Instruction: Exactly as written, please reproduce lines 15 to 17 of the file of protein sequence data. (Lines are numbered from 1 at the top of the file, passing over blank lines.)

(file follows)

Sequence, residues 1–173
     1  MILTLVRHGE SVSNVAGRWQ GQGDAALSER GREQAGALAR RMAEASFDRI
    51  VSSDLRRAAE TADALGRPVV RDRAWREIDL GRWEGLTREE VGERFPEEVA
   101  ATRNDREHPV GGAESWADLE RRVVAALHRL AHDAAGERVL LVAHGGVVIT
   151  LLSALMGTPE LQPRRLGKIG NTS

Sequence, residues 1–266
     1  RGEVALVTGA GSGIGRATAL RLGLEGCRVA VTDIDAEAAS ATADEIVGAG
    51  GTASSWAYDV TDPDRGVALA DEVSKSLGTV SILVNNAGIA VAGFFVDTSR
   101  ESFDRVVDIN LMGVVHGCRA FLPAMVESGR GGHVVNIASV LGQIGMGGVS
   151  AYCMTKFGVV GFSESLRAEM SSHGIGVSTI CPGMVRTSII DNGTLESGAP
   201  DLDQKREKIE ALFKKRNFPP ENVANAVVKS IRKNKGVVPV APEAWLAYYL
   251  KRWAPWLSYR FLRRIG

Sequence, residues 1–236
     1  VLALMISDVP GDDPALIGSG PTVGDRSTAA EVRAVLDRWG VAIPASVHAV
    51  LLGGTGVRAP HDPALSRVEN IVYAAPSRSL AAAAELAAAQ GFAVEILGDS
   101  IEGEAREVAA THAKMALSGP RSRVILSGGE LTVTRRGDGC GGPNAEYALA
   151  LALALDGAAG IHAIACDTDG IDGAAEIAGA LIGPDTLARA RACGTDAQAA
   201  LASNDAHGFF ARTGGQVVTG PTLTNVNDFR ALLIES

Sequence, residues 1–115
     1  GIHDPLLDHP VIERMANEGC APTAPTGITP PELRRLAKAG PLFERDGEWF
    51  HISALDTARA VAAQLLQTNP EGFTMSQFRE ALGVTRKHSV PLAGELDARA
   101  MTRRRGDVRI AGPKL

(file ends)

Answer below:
    51  LLGGTGVRAP HDPALSRVEN IVYAAPSRSL AAAAELAAAQ GFAVEILGDS
   101  IEGEAREVAA THAKMALSGP RSRVILSGGE LTVTRRGDGC GGPNAEYALA
   151  LALALDGAAG IHAIACDTDG IDGAAEIAGA LIGPDTLARA RACGTDAQAA